The little helicopter has now covered 41,024 feet of ground and stayed aloft for nearly 98 minutes on its 55 flights, mission team members wrote on the chopper's flight log. And a repositioning 56th flight is imminent.

With their problem solved, engineers continue their work to show how helicopters could play a critical role in the sample recovery operations, Anderson said.

"Demonstrating coordination between Perseverance and Ingenuity remains a main goal," he said. That's how the Mars copters will play a primary role, rather than assist as backups.

New ones will be slightly larger and carry more sophisticated instruments than Ingenuity's, working in coordination with Perseverance to identify and verify the location of containers that the rover has been storing around the landing site.


The aircraft will pick up a single sample container at a time, deliver it to the Sample Retrieval Lander, fly back to get the next one, deliver it, and so on -- a task for both of Ingenuity's twin successors.

Most people, "even at JPL, wondered about flying a helicopter in an atmosphere with a pressure that's barely 0.7% of Earth," Anderson said. "There was a huge question of whether you could actually do something useful with a helicopter on Mars."

As it turned out, propeller blades spinning between 2,400 and 2,900 rpm did the trick. They are not just run-of-the-mill blades; they are made of carbon fiber specifically designed for the Martian environment.

Given Earth's greater atmospheric density, helicopter blades run between 225 and 550 rotations per minute, depending on aircraft shape and size.

If Ingenuity's propeller blades were to rotate in Earth's atmosphere, they would shatter within seconds. At a spin rate six times higher than that of standard helicopters, the edges would reach supersonic speeds, and the vibrations would be strong enough to cause obliteration.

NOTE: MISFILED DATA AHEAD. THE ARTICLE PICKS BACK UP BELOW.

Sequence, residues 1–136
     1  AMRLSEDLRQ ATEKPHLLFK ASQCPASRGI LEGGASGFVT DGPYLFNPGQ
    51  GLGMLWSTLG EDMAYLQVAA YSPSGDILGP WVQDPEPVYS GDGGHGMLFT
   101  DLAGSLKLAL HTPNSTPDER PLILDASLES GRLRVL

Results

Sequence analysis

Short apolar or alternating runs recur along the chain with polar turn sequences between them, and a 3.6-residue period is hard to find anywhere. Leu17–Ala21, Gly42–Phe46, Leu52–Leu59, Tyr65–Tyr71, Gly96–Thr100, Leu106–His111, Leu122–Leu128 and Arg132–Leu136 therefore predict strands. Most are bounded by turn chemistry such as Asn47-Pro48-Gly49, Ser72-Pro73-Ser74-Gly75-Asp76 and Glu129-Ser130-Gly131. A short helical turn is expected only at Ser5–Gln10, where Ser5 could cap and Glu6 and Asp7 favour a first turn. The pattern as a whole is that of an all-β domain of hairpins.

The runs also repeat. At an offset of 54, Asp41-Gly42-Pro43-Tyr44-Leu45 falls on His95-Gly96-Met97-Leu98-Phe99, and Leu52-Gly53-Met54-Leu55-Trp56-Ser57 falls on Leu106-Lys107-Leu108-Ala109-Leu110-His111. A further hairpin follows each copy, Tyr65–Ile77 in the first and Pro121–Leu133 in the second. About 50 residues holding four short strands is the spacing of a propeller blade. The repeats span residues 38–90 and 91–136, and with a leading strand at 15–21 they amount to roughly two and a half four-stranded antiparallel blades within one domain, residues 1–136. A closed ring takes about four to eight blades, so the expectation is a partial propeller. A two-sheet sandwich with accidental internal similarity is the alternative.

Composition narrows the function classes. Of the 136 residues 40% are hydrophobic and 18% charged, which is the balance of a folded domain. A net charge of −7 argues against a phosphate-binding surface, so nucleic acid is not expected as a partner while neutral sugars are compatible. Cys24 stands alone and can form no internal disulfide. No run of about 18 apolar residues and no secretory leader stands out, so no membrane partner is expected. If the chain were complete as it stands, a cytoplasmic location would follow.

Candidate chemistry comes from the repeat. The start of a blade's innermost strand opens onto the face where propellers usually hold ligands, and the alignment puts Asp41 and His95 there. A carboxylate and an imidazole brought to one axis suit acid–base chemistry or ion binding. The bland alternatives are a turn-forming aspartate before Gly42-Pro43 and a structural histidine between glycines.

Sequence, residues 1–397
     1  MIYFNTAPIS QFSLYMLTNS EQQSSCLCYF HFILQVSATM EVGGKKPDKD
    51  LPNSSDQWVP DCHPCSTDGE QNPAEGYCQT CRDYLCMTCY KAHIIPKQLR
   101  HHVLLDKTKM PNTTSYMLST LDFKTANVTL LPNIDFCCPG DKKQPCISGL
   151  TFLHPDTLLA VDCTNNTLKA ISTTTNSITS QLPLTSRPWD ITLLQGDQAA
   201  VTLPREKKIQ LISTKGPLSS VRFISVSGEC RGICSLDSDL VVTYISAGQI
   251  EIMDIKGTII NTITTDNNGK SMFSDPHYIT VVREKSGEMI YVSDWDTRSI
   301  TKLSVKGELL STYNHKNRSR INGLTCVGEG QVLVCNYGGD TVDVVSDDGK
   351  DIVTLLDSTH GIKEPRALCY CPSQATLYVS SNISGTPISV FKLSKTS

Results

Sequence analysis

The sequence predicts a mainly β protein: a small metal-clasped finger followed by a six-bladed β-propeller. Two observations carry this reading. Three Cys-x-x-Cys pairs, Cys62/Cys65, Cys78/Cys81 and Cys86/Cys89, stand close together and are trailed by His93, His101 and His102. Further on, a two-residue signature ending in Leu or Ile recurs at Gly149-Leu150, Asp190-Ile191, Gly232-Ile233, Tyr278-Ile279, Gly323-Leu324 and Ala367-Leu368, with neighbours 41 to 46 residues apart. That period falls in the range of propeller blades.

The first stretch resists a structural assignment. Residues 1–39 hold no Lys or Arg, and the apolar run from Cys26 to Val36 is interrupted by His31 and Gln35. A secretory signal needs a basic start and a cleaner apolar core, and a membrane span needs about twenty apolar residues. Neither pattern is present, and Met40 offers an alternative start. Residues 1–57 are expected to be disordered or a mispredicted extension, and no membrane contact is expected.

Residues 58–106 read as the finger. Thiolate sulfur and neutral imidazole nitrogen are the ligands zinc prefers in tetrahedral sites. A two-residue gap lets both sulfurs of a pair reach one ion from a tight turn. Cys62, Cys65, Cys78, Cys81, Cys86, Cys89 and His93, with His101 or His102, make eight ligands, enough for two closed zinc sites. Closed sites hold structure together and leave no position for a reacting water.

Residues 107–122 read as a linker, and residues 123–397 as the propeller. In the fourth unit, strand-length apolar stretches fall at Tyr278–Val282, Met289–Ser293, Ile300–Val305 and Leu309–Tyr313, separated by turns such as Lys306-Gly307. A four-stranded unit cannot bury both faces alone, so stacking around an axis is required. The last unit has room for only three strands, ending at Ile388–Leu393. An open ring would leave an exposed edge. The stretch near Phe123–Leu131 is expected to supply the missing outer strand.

NASA chose to explore the Jezero Crater's vicinity because billions of years ago, water was likely abundant and temperatures favorable to the presence of microscopic living organisms. And traces of microbial life can conserve for billions of years, especially in a fossilized state.


That would make for a historic finding.

It almost happened in 1997, when a Martian meteorite found in Antarctica showed possible evidence of past life. Even the White House became involved, with former President Bill Clinton announcing the discovery.

Microscope scans showed virus-size markers that could have resulted either from inorganic or organic chemical reactions. In the end, however, scientists acknowledged their investigations and results were inconclusive.

For the sample recovery mission, "We would arrive on Mars in 2030, and then it's a two-year cruise," Tzanetos said.

"So, launch in '28, arrive in 2029 or '30. Then, hopefully, the tubes would come back to Earth within two years of that, in 2032 or '33."

But it won't necessarily be easy, and the mission will require help from the European Space Agency.

"ESA is working with NASA to explore mission concepts for an international Mars Sample Return campaign," the agency said. "Several launches will be necessary to accomplish landing, collecting, storing and finding samples and delivering them to Earth."

It added: "Returning samples to Earth from Mars is expected to be the most complex robotic space flight campaign ever attempted."

Dispatches from Mars: Perseverance rover sends images

NASA's Perseverance Mars rover, using its Mastcam-Z camera system, captured this view of the Martian sunset on November 9, 2021, the 257th Martian day, or sol, of the mission. Martian sunsets typically stand out for their distinctive blue color as fine dust in the atmosphere permits blue light to penetrate the atmosphere more efficiently than colors with longer wavelengths. But this sunset looks different: Less dust in the atmosphere resulted in a more muted color than average. The color has been calibrated and white-balanced to remove camera artifacts. Photo courtesy of NASA | License Photo